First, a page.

David Walsh Blog

Function Debouncing with Underscore.js

The ability to listen and react to user interactions with JavaScript is fundamental and incredibly useful. Some interactions happen frequently and some rarely. Some listener functions are light of action, others can be quite taxing on the browser. Take window’s resize event for example: the event fires at each step in the resize, so if you have a taxing event listener, your user’s browser will get bogged down quickly.

Obviously we can’t allow the user’s browser to get bogged down, but we can’t simply remove listener function either. What we can do, however, is use debouncing to temper the amount of time the method runs. Instead of the listener function firing on each iteration of the resize event, we can ensure it fires only every n milliseconds during the resize, allowing our functionality to fire but at a rate so as to not ruin the user’s experience. A great utility called Underscore.js provides an easy to use method for easily creating debouncing event listener functions.

The JavaScript

Creating a debouncing event listener is as easy as:


// Create the listener function
var updateLayout = _.debounce(function(e) {

	// Does all the layout updating here
	
}, 500); // Maximum run of once per 500 milliseconds

// Add the event listener
window.addEventListener("resize", updateLayout, false);

..because the Underscore.js code underneath the hood manages the interval checks and original listener function calling:


// Returns a function, that, as long as it continues to be invoked, will not
// be triggered. The function will be called after it stops being called for
// N milliseconds. If `immediate` is passed, trigger the function on the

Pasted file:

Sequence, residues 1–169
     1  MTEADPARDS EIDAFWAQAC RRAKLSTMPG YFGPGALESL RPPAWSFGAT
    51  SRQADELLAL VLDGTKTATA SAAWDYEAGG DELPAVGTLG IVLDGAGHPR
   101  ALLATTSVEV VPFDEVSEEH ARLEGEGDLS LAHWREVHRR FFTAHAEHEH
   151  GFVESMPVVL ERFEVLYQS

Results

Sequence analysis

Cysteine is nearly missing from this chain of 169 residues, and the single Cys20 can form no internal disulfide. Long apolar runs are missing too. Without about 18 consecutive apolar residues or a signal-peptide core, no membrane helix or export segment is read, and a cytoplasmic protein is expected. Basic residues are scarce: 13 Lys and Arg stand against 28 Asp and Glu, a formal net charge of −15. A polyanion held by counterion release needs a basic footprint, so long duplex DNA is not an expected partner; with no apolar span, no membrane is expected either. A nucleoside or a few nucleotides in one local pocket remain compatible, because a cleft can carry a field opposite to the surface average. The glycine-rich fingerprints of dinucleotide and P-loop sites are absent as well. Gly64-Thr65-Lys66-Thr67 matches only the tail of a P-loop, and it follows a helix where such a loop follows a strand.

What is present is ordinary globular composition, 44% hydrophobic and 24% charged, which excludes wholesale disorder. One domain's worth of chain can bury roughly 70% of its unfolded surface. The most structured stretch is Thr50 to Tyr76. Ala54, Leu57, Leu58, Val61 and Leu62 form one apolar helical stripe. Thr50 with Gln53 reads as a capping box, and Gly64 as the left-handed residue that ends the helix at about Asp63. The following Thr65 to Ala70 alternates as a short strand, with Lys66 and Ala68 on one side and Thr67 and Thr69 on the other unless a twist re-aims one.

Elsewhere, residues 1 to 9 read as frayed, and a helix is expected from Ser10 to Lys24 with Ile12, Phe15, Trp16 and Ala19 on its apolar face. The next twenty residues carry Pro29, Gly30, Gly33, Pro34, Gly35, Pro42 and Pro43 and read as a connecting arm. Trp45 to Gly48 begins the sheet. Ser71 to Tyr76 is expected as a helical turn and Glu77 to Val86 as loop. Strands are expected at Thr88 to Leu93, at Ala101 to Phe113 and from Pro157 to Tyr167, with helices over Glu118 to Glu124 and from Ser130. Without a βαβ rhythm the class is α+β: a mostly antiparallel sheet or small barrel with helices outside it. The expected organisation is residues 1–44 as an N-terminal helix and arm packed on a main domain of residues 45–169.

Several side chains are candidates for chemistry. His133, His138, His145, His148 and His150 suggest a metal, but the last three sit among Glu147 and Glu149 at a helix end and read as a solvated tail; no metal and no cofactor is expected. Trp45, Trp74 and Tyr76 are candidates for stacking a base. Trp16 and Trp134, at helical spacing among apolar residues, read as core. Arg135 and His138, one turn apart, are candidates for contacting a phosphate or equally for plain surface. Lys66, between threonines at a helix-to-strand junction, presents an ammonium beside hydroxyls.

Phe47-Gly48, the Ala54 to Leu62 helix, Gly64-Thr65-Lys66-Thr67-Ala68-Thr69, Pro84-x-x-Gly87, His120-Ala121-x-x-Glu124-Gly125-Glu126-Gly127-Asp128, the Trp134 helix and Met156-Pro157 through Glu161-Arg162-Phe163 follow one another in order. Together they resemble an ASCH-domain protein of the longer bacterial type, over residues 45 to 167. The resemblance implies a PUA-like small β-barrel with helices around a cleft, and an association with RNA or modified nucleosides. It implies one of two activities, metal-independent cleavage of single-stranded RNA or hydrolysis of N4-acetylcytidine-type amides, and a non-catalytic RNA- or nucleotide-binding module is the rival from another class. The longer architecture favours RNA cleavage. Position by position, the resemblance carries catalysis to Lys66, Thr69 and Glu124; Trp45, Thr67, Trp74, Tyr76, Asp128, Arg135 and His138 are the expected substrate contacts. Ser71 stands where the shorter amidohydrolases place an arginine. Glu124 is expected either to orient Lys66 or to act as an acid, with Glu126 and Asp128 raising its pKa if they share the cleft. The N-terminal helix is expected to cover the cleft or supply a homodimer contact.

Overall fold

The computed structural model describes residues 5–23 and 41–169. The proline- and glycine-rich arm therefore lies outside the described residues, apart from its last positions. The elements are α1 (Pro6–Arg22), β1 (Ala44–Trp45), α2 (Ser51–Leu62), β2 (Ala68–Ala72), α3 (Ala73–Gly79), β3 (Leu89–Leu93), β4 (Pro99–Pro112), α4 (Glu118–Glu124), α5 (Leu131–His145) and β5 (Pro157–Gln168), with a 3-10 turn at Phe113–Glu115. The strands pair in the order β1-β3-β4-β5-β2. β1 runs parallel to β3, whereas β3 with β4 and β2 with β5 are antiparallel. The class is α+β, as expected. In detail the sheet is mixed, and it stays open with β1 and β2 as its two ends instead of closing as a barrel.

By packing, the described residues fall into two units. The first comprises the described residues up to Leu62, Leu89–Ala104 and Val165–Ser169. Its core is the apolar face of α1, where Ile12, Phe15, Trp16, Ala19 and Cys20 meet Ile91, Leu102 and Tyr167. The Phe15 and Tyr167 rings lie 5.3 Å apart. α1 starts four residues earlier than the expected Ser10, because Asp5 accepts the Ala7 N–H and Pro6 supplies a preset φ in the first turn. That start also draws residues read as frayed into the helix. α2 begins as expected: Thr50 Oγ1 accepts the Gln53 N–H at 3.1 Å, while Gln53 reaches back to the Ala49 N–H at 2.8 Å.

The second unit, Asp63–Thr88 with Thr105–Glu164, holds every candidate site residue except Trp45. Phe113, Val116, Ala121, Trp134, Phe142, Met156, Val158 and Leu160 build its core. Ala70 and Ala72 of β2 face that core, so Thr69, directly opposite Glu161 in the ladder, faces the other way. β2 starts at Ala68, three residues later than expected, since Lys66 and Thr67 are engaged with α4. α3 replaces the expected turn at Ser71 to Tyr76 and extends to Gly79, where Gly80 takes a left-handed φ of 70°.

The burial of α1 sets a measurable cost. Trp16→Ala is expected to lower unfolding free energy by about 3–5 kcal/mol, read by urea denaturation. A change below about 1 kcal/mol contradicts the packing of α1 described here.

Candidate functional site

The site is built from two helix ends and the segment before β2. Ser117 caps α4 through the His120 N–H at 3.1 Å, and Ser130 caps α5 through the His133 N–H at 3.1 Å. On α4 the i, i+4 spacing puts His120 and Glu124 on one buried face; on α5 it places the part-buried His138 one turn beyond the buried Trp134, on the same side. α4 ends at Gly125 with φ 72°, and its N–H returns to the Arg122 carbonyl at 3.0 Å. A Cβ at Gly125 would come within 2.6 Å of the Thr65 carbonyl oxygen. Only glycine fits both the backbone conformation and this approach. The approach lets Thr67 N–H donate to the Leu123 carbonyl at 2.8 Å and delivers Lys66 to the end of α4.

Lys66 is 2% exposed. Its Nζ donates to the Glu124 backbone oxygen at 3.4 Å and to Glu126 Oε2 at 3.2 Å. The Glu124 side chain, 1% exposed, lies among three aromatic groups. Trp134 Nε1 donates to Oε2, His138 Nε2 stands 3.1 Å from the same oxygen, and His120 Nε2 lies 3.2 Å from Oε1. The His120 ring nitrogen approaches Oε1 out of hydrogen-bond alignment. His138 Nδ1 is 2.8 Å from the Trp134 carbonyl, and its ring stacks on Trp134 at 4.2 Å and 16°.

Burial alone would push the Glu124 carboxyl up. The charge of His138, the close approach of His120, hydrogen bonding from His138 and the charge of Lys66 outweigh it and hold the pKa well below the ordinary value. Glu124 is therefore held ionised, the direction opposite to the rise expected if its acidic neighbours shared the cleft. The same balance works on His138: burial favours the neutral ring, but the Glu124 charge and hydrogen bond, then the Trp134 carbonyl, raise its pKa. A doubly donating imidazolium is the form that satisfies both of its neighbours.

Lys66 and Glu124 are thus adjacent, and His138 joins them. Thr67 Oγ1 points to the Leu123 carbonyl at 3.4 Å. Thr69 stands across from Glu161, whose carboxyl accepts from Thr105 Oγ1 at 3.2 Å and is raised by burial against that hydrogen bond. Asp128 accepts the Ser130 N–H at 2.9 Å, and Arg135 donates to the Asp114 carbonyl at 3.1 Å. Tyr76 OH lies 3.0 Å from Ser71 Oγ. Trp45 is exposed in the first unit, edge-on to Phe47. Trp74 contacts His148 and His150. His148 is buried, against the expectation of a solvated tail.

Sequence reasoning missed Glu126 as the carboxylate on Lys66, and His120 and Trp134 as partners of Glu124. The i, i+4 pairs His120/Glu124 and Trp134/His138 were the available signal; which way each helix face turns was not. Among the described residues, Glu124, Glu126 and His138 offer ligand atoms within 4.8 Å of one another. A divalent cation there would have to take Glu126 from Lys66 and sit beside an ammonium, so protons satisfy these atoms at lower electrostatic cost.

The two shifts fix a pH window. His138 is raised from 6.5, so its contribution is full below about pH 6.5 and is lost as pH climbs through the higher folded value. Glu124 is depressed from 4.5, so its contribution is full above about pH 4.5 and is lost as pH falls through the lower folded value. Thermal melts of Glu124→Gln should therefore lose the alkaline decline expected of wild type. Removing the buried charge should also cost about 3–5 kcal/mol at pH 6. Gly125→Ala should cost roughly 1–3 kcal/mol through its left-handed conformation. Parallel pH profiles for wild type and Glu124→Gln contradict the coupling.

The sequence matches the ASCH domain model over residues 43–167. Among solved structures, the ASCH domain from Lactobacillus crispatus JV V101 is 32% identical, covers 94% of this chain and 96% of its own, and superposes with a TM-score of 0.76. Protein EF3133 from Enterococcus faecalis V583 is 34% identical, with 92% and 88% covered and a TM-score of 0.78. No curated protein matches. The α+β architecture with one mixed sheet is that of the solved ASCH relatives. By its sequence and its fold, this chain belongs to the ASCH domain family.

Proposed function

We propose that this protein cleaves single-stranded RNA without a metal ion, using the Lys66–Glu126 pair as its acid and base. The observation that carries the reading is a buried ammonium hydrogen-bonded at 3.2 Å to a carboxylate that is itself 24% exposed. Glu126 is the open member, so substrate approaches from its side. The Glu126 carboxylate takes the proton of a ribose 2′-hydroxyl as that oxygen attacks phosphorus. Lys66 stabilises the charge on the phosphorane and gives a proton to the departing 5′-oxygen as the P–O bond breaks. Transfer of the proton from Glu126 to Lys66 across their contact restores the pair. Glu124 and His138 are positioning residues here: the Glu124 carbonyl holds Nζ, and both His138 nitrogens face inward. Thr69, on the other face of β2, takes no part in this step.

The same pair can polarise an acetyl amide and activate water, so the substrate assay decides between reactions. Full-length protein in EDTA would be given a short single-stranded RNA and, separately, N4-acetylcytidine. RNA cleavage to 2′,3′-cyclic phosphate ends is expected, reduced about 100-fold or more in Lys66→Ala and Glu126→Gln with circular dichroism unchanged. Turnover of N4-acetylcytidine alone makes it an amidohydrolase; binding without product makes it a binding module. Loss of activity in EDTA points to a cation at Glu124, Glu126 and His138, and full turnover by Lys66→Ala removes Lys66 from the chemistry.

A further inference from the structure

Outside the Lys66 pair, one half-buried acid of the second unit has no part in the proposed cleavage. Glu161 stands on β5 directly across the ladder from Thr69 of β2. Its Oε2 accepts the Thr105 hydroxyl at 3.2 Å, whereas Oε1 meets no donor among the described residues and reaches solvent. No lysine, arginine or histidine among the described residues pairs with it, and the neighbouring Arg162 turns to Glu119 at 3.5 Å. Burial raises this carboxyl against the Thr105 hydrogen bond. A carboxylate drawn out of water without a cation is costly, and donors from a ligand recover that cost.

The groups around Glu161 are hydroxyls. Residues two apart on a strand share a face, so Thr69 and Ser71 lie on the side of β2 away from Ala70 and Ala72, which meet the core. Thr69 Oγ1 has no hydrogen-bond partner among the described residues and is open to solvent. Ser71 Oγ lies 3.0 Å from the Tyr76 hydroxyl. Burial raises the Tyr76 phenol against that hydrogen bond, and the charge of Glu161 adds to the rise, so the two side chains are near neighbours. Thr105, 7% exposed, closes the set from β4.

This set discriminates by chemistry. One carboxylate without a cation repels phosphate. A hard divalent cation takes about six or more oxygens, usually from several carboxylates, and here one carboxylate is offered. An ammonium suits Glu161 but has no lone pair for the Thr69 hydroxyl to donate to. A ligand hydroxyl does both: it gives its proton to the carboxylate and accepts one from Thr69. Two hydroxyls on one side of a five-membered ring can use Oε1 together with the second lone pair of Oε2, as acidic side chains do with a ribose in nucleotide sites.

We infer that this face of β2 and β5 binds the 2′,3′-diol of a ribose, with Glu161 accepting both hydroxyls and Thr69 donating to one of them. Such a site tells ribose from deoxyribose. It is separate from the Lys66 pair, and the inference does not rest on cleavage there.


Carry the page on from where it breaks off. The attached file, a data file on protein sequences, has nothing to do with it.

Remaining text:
// leading edge, instead of the trailing.
_.debounce = function(func, wait, immediate) {
	var timeout;
	return function() {
		var context = this, args = arguments;
		var later = function() {
			timeout = null;
			if (!immediate) func.apply(context, args);
		};
		var callNow = immediate && !timeout;
		clearTimeout(timeout);
		timeout = setTimeout(later, wait);
		if (callNow) func.apply(context, args);
	};
};

Not the most complex piece of code but nice that you don’t have to write it yourself. The debounce method doesn’t rely on any other Underscore.js methods, so you can add this method to a framework like jQuery or MooTools quite easily:


// MooTools
Function.implement({
	debounce: function(wait, immediate) {
		var timeout, 
		    func = this;
		return function() {
			var context = this, args = arguments;
			var later = function() {
				timeout = null;
				if (!immediate) func.apply(context, args);
			};
			var callNow = immediate && !timeout;
			clearTimeout(timeout);
			timeout = setTimeout(later, wait);
			if (callNow) func.apply(context, args);
		};
	}
});

// Use it!
window.addEvent("resize", myFn.debounce(500));

As mentioned above, window resize events are the most obvious place to use debouncing, but you could also use them for key events that trigger an autocompleter. I love tiny pieces of code like this that can enhance a site’s efficiency so quickly! I also recommend you take a look at Underscore.js and the numerous utility functions it provides — enrich your existing framework or use it as is!